In March, parliament debated a motion supporting the director of public prosecution's position that prosecutions of friends and family members helping terminally ill people to end their lives should be judged on individual merit, taking into account motive. Parliament passed the motion without a vote. This meant no change in law, merely agreement that assisting suicide is illegal but won't be prosecuted under certain circumstances.
There are strong arguments that this isn't good enough, that the state should put in place processes for patients to end their own life, taking matters out of the hands of family and friends, ensuring scrutiny and good practice. The British Medical Association's position is that such processes should not be introduced even though the final push of the button or taking of pills would be left in the hands of the patient.
I support the right of someone with a debilitating terminal illness to end their own life, with help if needs be. I can find no good definition of 'sacred' to make an individual's life not their own - to do with as they please.
Of course, there is doing as you please on the spur of the moment or in the depths of depression or drug-induced panic, and there is doing as you please after long and careful consideration, knowing that life in the future holds only increasing suffering and deteriorating faculties. Maybe it's not straight forward to distinguish on the borders but certainly possible in many cases. This, though, is where I find myself inconsistent.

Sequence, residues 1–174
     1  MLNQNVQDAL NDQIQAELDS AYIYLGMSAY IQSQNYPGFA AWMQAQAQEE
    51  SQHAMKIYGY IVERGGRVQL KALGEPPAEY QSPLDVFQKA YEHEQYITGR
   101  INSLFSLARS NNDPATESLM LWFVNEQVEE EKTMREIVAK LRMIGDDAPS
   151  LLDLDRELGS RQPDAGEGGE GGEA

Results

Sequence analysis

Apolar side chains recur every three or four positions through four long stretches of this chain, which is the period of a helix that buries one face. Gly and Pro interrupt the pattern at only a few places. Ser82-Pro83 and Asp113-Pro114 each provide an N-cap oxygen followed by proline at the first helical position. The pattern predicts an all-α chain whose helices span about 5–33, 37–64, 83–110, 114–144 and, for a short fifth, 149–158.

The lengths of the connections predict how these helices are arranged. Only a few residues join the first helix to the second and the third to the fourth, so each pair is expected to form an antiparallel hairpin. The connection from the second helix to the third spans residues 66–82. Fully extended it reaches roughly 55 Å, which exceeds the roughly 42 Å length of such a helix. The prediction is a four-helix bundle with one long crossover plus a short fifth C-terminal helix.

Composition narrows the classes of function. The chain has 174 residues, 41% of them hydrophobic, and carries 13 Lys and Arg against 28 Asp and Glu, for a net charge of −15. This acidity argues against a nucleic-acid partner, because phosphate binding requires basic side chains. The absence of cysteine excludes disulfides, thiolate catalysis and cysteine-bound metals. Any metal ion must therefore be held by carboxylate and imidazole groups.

I have often argued that the death penalty is never acceptable because, however stringent the checks on the justice system, mistakes and abuses can never be completely eliminated. If one person in ten thousand is executed for a crime they did not commit, then that is one too many.
This argument I stand by, and so my dilemma is that the same argument can be made against state-assisted dying - however stringent the checks on the process, mistakes and abuses can never be eliminated. Mistakes could be made assessing the patient's soundness of mind or undue pressure could be put on a patient to end their life, for example.
Why does this argument carry less weight for me when applied to assisted dying?
The cases might look different at first glance - execution is not the subject's choice, suicide is. But where there is a mistake or an abuse, death is not truly voluntary in either case.
There are other arguments for and against either practice (religious reasons, the aim of punishment, individual rights, the role of the state) but with regards this particular argument - the unacceptable cost of mistakes and abuses - I'm stuck.
I don't believe the dilemma is inescapable. A similar argument can be made against other laws, such as motoring laws, and assisted dying is certainly about facilitating individual freedom. But when it comes to the state facilitating death, my opposition to the death penalty strikes an uneasy contrast with my support for assisted dying.